While people all over the world are blaming bureaucracy for all kinds of societal and individual embarrassments, political and social sciences have so far failed to present a clear cut and handy theory to understand bureaucratic phenomena. Their findings are hidden in lengthy prose that is incomprehensible and hence useless for the target groups concerned. Physical sciences can help to enlighten these nonphysical issues by metaphorizing them as physical notions. This metaphorization is a worthwhile educational tool to broaden disciplinary views and to enhance interdisciplinary exchange. It relates contemporary research to philosophical and cultural topics and brings with it the concise and efficient style of physics vocabulary.

As a simple example, we can transfer particle physics to administrative structures. It is likely that bureaucracy may also become more understandable, once an elementary particle is defined. Let us call such a particle “the buron.” While burons may not be detected by means of experimental tools, they are clearly traceable as metaphoric particles in administrative environments, such as governmental bodies or hierarchical organizations. Here, burons stand for all incidences, where bureaucratic phenomena are present or looming and where they threaten to weaken or paralyze the organization.

Like members of a class of elementary particles in nature, different burons have different properties. We define the following five types of burons:

  • [B1] denotes an organization, in which internal divisions suffer from blurred or inappropriate competences.

  • [B2] applies to organizations with unqualified or incompetent employees.

  • [B3] stands for regulatory constraints.

  • [B4] signals overall organizational insufficiencies.

  • [B5] indicates that the organization suffers from a lack of resources.

This set of five burons is a comprehensive classification system for labeling the infection of organizations with bureaucracy.

Take, e.g., the organization chart of an administration and mark all infected units by the appropriate types of burons, depending on the nature of the disease. In this way, all parties concerned can see at a glance, whether the agency is clean or poisoned. A B2-marker in a single chart box signifies that the employee concerned should be replaced. If the chart is covered all over by B2-markers, this suggests that the entire staff is incapable. Similarly, an array of B5-markers means that the people may be capable but run out of money to do their job.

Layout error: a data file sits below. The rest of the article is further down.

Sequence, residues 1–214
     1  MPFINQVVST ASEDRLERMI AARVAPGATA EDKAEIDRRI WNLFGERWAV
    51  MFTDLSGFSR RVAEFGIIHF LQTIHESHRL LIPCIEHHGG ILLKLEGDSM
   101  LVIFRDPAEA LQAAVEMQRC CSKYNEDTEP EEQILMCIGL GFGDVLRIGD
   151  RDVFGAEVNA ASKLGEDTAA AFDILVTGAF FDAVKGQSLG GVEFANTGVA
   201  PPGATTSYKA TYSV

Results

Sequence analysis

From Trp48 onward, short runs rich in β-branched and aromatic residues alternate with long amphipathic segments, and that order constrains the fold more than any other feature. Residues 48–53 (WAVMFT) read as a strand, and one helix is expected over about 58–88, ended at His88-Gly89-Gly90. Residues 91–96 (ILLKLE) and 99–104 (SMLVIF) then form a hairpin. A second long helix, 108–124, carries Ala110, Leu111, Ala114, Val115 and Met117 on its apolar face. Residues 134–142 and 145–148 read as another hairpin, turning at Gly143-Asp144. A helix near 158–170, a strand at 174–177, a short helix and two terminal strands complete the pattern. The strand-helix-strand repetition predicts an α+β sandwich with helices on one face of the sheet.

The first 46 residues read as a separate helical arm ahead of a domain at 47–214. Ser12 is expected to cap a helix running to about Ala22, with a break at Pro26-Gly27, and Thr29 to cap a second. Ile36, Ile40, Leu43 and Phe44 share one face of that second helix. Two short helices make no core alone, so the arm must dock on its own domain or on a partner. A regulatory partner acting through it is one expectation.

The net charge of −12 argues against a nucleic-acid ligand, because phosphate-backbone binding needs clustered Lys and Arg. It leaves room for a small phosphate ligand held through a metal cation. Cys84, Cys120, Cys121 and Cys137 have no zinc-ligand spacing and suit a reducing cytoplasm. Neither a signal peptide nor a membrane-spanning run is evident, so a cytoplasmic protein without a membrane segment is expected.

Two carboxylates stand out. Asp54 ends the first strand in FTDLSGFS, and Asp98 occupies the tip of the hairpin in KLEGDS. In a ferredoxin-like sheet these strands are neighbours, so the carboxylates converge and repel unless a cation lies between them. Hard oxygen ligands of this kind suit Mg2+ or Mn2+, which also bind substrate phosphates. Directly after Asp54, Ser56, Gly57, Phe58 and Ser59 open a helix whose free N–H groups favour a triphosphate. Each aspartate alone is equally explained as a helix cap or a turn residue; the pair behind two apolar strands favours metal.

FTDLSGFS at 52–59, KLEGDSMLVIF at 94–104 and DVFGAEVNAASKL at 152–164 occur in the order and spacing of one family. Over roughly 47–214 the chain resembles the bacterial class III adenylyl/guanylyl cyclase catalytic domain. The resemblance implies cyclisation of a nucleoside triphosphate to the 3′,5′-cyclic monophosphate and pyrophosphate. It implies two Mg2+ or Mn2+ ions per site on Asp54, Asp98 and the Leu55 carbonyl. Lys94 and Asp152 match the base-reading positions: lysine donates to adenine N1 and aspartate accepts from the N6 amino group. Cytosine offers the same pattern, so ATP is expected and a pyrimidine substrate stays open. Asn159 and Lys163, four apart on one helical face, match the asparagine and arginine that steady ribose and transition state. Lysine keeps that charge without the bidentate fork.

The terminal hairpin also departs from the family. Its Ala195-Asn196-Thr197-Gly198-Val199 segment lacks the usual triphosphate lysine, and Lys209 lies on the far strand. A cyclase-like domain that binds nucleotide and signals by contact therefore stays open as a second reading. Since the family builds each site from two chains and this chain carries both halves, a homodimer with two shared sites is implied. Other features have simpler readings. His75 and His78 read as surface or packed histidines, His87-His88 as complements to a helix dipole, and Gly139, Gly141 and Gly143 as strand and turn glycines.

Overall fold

The sum of all buron markers assigned is a measure of the total bureaucratic content of an administration. This value may be exported into big data algorithms for checking the overall public sector performance.

While this example is admittedly rather simple, perhaps even naive, physics offers numerous more sophisticated metaphoric analogies between natural and administrative structures: Organizational deficiencies remind us of lattice defects in solids, including formulae for elasticity and rigidity. The “conductivity” of an agency may be described in terms of electrical properties. We find from Ohm's law that the internal stress in an administrative body is equal to the product of management power and staff resistance. Psychologists and social scientists would need a lengthy phrase to describe the same. The Faraday cage is a metaphor for an agency that is shielded from the outside and whose works are totally self-absorbed. Order/disorder/chaos phenomena are well covered by the laws and insights of thermodynamics.1 

Clearly, metaphorization is a powerful tool for physics researchers, teachers, and students both for dealing with fundamental phenomena in nature and for visualizing analogous settings in their surroundings. It avoids disciplinary and societal isolation and toughens physics colleagues to better sustain burdens such as bureaucracy.

For important contributions to the insights of this letter, I thank all institutions at which I had an opportunity to cope with red tape.

A modified version of this letter has been submitted earlier to the Annals of Improbable Research (AIR) but was rejected. The AIR Editors suggested that it be published in a recognized journal.

Editor's note: Dieter Schumacher has a Ph.D. in solid state physics and has been a productive researcher. After postdoc work in Stuttgart and Grenoble, he was active as a science advisor (Chancellor's Office) and spent several decades in the information industry. Upon retirement, he focused on writing essays on current issues, such as bureaucracy. He has always been intrigued by work of C. Northcote Parkinson and his famous laws.

This letter is an attempt to widen the applicability of physical sciences towards other disciplines and society. Like Parkinson's book,2 the letter is satiric but serious and exploratory. It is hoped that AJP includes a section, where such curiosities are considered appropriate for the readers. Needless to say, “The Buron Lab” is fictitious.

1.
Dieter
Schumacher
,
Die Käfighaltung des Menschen. Eine Philosophie der Bürokratie
(
Books on Demand
,
Norderstedt
,
2017
).
2.
Cyril
Northcote Parkinson
,
Parkinson's Law, and Other Studies in Administration
(
Houghton Mifflin
,
Boston
,
1957
).